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Vcaa studio arts folio investing

vcaa studio arts folio investing

The Visual Arts Department also offers Folio. Preparation tuition for Tertiary Studies. Unit 1 Artworks, experience and meaning. Art Making and Exhibiting (Studio Arts) Subject Code: AME (Studio Arts). In VCE Art Making and Exhibiting, art making and the investigation of artworks is. Overview of the Victorian Certificate of Education (VCE) and its School Assessed Tasks are set in subjects such as Studio Arts. BETTER PLACE TO BE BORN SPANISH

In your discussion address the art elements and art principles, symbols, context, and use of materials, techniques and processes. Materials Discuss the look and behaviour of the material. How does the material change over time? How can the material be manipulated? Discuss the conventional and unconventional approaches to using the material. How do the environmental conditions change the properties of the material? What are the safety requirements for using this material and how should it be disposed of in an environmentally friendly manner?

Includes the characteristics and properties of materials and how an artist uses the materials. Conservation methods include health and safety requirements. Techniques Describe the effect of manipulating the material. What tools are required to manipulate the material? Discuss the traditional and contemporary approaches to using the material. Techniques are the varying properties of the matter that are manipulated through the use of tools and other devices. Processes What are the key stages within the process of using the materials to create the artwork?

What materials and techniques are used within specific art forms? A process could be one part of using a material or technique or it could encompass all components of the art making process. Influences Identify and describe an artist or artwork that influences your thinking about art making. Influences could be considered as artists and artworks.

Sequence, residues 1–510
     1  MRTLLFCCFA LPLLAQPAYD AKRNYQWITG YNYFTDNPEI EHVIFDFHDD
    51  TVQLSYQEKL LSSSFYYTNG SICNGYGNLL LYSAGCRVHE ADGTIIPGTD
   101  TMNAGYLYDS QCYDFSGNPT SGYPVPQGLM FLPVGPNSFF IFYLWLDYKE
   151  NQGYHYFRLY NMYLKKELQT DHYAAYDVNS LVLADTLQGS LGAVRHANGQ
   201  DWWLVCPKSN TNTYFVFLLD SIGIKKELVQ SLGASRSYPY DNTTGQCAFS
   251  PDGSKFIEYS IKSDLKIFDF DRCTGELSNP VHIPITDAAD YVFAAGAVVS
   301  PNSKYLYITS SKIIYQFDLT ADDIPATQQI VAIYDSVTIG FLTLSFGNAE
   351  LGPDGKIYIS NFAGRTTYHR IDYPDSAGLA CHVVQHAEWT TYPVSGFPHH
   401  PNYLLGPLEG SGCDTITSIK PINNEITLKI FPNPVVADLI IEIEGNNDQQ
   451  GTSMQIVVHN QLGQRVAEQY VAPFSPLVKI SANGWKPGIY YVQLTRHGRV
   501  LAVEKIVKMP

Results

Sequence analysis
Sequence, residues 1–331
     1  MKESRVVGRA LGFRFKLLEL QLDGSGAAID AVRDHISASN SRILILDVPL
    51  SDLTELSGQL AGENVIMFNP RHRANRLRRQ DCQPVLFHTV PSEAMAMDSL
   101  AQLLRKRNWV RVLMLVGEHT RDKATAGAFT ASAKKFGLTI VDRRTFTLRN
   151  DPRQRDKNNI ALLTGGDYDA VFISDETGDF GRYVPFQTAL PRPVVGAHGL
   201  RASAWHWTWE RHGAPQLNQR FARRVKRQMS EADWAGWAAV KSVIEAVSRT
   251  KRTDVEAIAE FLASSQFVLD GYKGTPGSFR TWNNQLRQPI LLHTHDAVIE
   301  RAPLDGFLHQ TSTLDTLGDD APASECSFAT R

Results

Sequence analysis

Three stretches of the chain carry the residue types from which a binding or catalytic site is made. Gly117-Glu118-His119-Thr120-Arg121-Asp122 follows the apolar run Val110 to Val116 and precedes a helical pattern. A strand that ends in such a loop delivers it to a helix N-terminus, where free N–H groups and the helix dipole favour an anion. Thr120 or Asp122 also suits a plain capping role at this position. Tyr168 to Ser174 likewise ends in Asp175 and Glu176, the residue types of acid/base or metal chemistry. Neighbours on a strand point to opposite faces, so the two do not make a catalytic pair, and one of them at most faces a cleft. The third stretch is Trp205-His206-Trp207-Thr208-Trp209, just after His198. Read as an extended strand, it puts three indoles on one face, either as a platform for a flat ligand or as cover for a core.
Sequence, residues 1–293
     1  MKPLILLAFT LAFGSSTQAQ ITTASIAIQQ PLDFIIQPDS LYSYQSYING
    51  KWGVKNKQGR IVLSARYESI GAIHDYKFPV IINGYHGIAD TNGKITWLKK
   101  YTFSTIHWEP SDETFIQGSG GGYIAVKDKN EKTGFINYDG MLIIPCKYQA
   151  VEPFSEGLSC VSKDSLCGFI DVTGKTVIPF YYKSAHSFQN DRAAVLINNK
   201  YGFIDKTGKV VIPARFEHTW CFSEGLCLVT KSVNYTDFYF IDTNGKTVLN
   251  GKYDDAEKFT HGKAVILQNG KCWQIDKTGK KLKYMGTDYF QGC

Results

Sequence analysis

Influences continue to occur and can be used across art making. Inspiration Identify and discuss the inspiration and how it can be translated in art making. Inspirations can be viewed as broader and could include objects, memories and contexts. Care and conservation What planning needs to occur to conserve the artwork? What materials have been used and will they deteriorate over time?

What is the potential damage of the artwork in different environments and conditions? How can temperature and humidity affect the artwork? Identify and describe the proper handling methods used for this artwork. Care involves protecting artworks while they are on display. Consider art handling, transport and storage methods for artworks.

Consider any condition reporting practices and the stability of different art forms. Consider lighting levels while artworks are on display and in storage and the condition of artworks on display and in storage. Contexts Where and when was the artwork created? How does the location and time where the artist made the artwork influence its interpretation? How can the artwork be interpreted differently according to where it was made, presented or viewed?

What are the economic, philosophical, social or cultural influences on the practices of the artist and where are these evident in the artwork? How are the artist's intentions, expression of ideas, values and beliefs seen in the artwork? How might the values, beliefs and interests of the audience provide context for experiencing the artwork? The interpretation of the meaning of an artwork can evolve from the context in which it is created.

The context is the frame of reference that allows the ideas and meaning of artwork to evolve. Historical and cultural contexts include the location and time where an artwork is made, presented or viewed. It provides opportunities for the student to reflect upon and communicate to others their art making through a reciprocal conversation or discussion. The critique can be delivered using different methods at different stages of the art making process when students are actively engaged in exploring, experimenting, developing, refining, resolving or presenting artworks.

The critique allows students to reflect upon and evaluate the evolution of their artworks, and to collect and respond to feedback from both the teacher and other students. Critiques are part of the communal process of art making and students should collaborate in critiques to improve their own practice.

Students gain ideas and benefit from the critiques of other class members. Often the art making is paused for a critique, so that students and teachers can reflect on their art making. Students focus on both their own work and the work of others in their group. This allows students to observe the ways in which others in their class approach their art practice and to consider possibilities outside their usual habits. Critiques form part of the communal process of art making since, by comparing their work with others, each student can gain ideas and set a standard on which to build their practice.